Tag Archives: writing



Happy Halloween everyone!

I’ve had a great writerly October at the Junior Authors Convention, the BC Teacher Library gala event, in helping out at the writers’ workshop at the Vancouver Science Fiction Convention, and catching some of the Writers’ Festival.
Seriously, it’s almost like a month long Halloween party. I learned some important lessons for writing as well, which, once I’ve cobbled it all together I’ll chat about on this blog.
In the meantime, phew, I’ll be quite happy to stay home tonight and hand out candy to trick-or-treaters.
I’ll sort of be participating in a fun Halloween event; my zombie story will be part of a Halloween production this evening:

Have a safe and fun evening!

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Upcoming Events

My friend Shannon sent me this picture of kids playing soccer in the fog – it is awesomely spooky and reminds me of Grim Hill.
Speaking of Grim Hill I will be attending a couple of events in October.

October 3rd, 4th & 5th I’ll be at VON — Vancouver’s Science Fiction Convention helping out in the writers’ workshop and appearing on various panels. http://www.vcon.ca/

October 18th I’m super excited to be presenting at the Junior Writers Conference in Richmond. http://laurathomascommunications.com/conference/

October 23rd I’ll be attending the BCTLA (BC Teacher Librarian Association’s )75th Gala.

I hope to see lots of friendly faces.

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The Write Moment (part four)



So like I said, I ripped open the envelope and…lived happily ever after?
I lifted the paper out of the envelope with trembling hands, unfolded the letter only to see it was a rejection fired back. So I sent out my story – again and again. Rejections were fired back again and again.
Curiously undaunted, I joined a critique group that I’d read about in a community brochure. Armed with my manuscript, I read my story to the group and sat back waiting for accolades. But all they gave me was advice. Sigh.
Oddly undaunted again, I sifted through the advice, reflected on the advice, rewrote bits of the story and submitted it again. The rejection came back, but this time with the comment that the imagery could still be sharper. Strangely, I still didn’t feel daunted. Instead I sort of felt complimented even though I hadn’t been. But I’d been treated like a real writer because an editor had taken a moment to point out how my writing could improve.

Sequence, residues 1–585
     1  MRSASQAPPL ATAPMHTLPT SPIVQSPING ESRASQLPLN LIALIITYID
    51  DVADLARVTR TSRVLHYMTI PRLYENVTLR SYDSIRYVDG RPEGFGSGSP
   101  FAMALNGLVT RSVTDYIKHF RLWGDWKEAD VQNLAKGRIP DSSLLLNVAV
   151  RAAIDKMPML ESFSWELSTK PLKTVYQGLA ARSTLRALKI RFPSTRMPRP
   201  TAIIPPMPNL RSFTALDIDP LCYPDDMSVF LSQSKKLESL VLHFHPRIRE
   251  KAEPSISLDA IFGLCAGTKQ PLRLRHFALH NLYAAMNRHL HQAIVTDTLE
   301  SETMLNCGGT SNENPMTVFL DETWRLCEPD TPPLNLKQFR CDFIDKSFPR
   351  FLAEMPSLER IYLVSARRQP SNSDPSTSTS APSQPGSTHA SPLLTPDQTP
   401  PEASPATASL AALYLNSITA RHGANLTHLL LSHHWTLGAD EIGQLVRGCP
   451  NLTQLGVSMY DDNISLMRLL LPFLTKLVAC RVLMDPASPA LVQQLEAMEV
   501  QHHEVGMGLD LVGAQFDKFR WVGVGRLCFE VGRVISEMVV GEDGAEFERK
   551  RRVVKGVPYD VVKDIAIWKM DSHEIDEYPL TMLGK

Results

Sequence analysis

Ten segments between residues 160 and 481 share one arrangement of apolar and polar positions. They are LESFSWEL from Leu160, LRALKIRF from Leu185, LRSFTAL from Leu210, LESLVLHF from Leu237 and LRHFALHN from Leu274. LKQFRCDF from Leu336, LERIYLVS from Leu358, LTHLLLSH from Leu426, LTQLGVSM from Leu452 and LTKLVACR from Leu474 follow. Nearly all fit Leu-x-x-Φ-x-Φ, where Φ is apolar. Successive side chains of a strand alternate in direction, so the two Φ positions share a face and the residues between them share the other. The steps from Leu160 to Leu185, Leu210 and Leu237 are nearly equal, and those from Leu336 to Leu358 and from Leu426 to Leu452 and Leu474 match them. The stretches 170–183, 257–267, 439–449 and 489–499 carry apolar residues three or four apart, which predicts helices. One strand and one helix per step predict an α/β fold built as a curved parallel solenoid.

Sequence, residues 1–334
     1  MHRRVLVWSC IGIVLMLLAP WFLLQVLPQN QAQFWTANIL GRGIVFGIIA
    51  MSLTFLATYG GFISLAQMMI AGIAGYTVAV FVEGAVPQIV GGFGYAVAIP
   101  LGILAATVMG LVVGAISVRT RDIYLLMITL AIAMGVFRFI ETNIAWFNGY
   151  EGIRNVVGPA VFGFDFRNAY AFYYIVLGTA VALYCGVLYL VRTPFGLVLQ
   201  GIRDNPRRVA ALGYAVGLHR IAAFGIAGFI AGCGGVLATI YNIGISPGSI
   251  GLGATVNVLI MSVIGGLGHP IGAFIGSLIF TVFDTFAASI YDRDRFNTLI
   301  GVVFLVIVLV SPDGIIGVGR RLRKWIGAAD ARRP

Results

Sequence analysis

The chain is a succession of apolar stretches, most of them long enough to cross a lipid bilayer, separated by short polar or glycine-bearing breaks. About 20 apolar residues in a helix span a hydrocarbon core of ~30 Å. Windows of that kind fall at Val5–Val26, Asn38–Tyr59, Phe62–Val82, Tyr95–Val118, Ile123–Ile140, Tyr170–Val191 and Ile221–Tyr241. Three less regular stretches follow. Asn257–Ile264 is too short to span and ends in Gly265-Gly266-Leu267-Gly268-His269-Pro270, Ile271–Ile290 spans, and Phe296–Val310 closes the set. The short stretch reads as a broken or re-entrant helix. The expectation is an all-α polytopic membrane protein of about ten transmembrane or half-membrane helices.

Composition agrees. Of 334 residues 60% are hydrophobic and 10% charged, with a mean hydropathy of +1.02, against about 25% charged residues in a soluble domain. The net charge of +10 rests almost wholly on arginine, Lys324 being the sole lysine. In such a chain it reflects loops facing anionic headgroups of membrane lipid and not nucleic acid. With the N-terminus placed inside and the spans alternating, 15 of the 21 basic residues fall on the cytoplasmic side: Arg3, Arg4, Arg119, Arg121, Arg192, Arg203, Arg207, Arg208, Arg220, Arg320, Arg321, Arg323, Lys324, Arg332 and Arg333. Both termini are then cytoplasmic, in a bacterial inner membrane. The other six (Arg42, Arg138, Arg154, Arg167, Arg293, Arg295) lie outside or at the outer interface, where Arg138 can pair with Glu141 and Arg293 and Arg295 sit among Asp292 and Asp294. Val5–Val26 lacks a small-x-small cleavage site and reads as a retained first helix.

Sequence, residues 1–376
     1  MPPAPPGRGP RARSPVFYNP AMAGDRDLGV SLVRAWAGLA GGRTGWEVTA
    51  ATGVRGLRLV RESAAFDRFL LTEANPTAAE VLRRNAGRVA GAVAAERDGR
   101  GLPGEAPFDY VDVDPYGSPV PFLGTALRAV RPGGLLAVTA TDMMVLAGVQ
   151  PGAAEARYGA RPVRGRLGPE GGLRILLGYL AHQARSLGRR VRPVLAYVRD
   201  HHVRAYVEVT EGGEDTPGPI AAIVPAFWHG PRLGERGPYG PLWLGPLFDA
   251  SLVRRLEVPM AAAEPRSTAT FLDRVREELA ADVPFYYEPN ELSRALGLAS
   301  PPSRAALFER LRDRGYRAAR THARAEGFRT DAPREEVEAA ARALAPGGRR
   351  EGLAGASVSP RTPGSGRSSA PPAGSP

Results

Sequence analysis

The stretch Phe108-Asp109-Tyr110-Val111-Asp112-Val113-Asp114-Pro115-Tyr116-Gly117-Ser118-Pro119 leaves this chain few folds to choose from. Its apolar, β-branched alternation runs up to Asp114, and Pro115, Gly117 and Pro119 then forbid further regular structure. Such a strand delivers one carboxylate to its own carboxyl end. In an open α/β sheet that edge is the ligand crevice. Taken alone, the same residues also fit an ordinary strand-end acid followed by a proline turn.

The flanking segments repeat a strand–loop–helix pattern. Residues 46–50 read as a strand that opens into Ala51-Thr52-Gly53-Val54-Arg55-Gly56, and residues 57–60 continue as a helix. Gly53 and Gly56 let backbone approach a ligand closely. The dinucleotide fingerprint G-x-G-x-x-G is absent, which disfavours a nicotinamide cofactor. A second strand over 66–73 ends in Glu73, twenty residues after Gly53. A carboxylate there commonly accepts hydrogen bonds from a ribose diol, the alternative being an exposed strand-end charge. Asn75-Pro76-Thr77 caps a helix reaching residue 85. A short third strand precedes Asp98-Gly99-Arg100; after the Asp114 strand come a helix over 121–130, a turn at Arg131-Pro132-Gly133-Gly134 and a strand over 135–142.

That process of writing the time travel story was the defining moment – that the writing, the crafting, the utter joy of creating could not be diminished by anything, because in the making of the story, and in the determination of sending it out, and sending it out again, I had become a writer!
Did that story ever get published?

Tune in for part five–

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Publishing my First Story


Part Three:
Okay, here’s where it got hard – sort of…well, not in the beginning.
Armed with the genre, an idea, a mood, and an atmosphere of mystery, I launched into a story about a woman who is drawn into a time portal.
I wrote with such fervour that by the end of a day, I’d written down the entire short story. Oh, how exciting it had been – as if I’d been on the grand adventure with my main character. Then over the next bit of time, how I loved crafting the sentences, mastering metaphors, and tightening the tension.
That fast, I’d fallen into a new passion, and strangely, developed a strong desire to share it with people.
So, I read the story to my husband who suggested I send it to the New Yorker (which is one of the reasons he’s a keeper) and I asked my friends to read it.
When a friend said, your story made me want to live in that apartment, to be that woman, I thought – mission accomplished!! That’s exactly how I wanted my reader to feel.
I got out an envelope and stuffed the story inside it, bought a stamp, carefully folded a return stamped envelope (I’d quickly done some homework and found out about proper manuscript format and how to submit a story) and fired it off to a SF magazine.
I waited on pins and needles for the magazine’s reply.
Then one day shortly after I sent out my manuscript, a letter from the magazine arrived.
I held my breath as I ripped open the envelope…

Tune in for Part Four


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From Genre to Story Idea


Part two:
So I wanted to write a time travel story, but I needed a plot – or at least a plot bunny (which is like a dust bunny only instead of dust, you roll an idea around in your head until it gets bigger.)